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 How to Create Data Visualizations Using Evidence-based Practices

By Jennifer Lyons
Associate, Evergreen Data

By presenting data effectively we can increase the number of people who actually read our data and reports. Harnessing the power of effective data reporting allows us to better communicate with peers, colleagues and clients, helping them make data-informed decisions.

At Evergreen Data, we teach a data visualization technique that is grounded in visual processing theory. Choosing the right visualization or chart is one of the most important steps in visualizing data: When we discuss data relationships, we need to pair that with an understanding of human perception. This can reduce clutter and emphasize the most important points of data, allowing us to capture our audience's attention with impactful visuals.

To start this conversation, we go back to the landmark work of William Cleveland and Robert McGill. Cleveland, one of the pioneers of graph design, worked with McGill to build a theory about the ways of showing data that are the easiest to interpret and the most accurate. They started by developing a theory of "elementary perceptual tasks," which are the most basic visual tasks humans perform when perceiving graphs. They ran experiments to determine a hierarchy of what tasks (and graphs) we are best at decoding.

Below are the elementary tasks tested in Cleveland and McGill's study in hierarchical order, ranked from tasks at which we are best to those at which we are worst. Next to them are chart examples that use the associated perceptual tasks.

 chart1.PNG

As the ranking shows, judging position is our easiest task. People are best at judging position on a common scale – such as dots on a line. Whenever possible, designers should graph data like this. My favorite graphs that use position on a common scale are dot plots and lollipop charts. Both are less common visuals than others because they are not Excel default charts. Although they are a little more time-consuming to make, their payoffs are worth it. If you want to learn how to make these graphs, check out Stephanie Evergreen's blog posts here and here.

The thing we are second best at is position on different scales. When there are two graphs next to each other, we need to make sure they both use the same scale because people will make comparisons between them.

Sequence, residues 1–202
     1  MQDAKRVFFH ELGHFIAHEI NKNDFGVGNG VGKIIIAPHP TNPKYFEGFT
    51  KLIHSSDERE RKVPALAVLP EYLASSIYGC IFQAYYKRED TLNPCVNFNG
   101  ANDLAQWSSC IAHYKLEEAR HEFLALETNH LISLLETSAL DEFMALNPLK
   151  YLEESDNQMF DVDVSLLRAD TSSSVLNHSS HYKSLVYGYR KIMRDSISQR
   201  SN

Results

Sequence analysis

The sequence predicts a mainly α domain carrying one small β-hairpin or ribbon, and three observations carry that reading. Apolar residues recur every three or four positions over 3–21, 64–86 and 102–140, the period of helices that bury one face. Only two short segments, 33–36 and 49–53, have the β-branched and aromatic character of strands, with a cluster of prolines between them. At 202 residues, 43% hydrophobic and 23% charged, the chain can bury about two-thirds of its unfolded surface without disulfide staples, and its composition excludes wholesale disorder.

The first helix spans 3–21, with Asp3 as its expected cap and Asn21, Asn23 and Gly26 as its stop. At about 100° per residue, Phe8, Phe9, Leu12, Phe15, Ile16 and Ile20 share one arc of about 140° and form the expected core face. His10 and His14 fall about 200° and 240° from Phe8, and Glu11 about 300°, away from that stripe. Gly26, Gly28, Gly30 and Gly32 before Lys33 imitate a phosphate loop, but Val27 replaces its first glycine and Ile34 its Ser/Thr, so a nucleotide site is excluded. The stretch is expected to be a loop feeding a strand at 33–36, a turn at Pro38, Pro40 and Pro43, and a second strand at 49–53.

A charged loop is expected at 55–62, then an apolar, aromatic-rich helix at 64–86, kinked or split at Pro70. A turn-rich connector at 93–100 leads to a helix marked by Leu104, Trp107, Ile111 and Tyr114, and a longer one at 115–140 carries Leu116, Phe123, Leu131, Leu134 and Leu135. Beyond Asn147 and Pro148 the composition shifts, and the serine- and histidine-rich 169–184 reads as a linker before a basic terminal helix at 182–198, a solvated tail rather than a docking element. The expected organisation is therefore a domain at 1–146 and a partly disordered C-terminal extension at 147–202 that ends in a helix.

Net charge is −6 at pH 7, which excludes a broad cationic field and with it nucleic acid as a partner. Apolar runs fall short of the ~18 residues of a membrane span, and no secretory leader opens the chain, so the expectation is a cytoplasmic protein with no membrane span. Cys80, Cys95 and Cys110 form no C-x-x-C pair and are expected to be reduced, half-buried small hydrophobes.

Next come, in this order: length, direction and angle. Length is shown in bar charts. Length and direction are displayed in line charts. Angle is comes into play in pie charts. Cleveland and McGill ran more tests specifically between length, direction and angle, and found that error rates were much higher for angles. Pie charts produced the most error.

This can be detrimental news to some pie-loving folks. Most people I hear from have two, maybe three go-to Excel charts they use. Often, one of those go-to charts is a pie. Pie charts are great at showing parts of a whole, but they easily get cluttered, and we are bad at decoding information from them. Still having a hard time giving up the pie? Check out the examples:

 chart2.PNG

chart3.PNG

Pie charts can be a useful graph for the appropriate data. Here are some tips on how to make pie charts effective.

  • Graph fewer than three categories
  • Viewers must be able to tell which category is larger/smaller without data labels
  • Graph data from largest to smallest, clockwise around the pie
  • Directly label the slices
  • Use non-default Microsoft colors

Here is an example of a great pie chart:

chart4.PNG 

Now, let's circle back to the Cleveland and McGill article, where some elementary perceptual tasks remain untested. Cleveland and McGill didn't test area, volume, curvature and shading because, based on the other experiments, they found that these elements were too hard to interpret.  Back when this study was conducted in 1984, they used the ugly crosshatching technique for shading, and further research has shown crosshatching can produce optical illusions (Tufte, 2001). Luckily, nowadays we can use something much more effective: color.

These basic visual tasks form the foundation of how we represent data relationships. We should always strive to graph high up on the Cleveland and McGill hierarchy to aid the interpretability of our graphs. For more resources on chart choosing, check out Stephanie Evergreen's website and blog.

 

References

Cleveland, W. S., & McGill, R. (1984). Graphical perception: Theory, experimentation, and application to the development of graphical methods. Journal of the American statistical association79(387), 531-554.

Evergreen, S. D. (2016). Effective Data Visualization: The Right Chart for the Right Data. SAGE Publications.

Evergreen, S. D. (2013). Presenting data effectively: Communicating your findings for maximum impact. SAGE Publications.

Evergreen, S. (n.d.). Evergreen Data Visualization Blog. Retrieved December 09, 2016, from http://stephanieevergreen.com/blog/

Tufte, E. R. (2001). The visual display of quantitative information (2nd ed.). Cheshire, CN: Graphics Press.